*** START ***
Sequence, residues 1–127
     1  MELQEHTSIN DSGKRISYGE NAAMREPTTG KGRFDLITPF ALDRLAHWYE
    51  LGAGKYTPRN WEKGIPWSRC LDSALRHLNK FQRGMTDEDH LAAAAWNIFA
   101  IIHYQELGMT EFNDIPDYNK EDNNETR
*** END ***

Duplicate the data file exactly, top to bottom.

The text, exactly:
Sequence, residues 1–127
     1  MELQEHTSIN DSGKRISYGE NAAMREPTTG KGRFDLITPF ALDRLAHWYE
    51  LGAGKYTPRN WEKGIPWSRC LDSALRHLNK FQRGMTDEDH LAAAAWNIFA
   101  IIHYQELGMT EFNDIPDYNK EDNNETR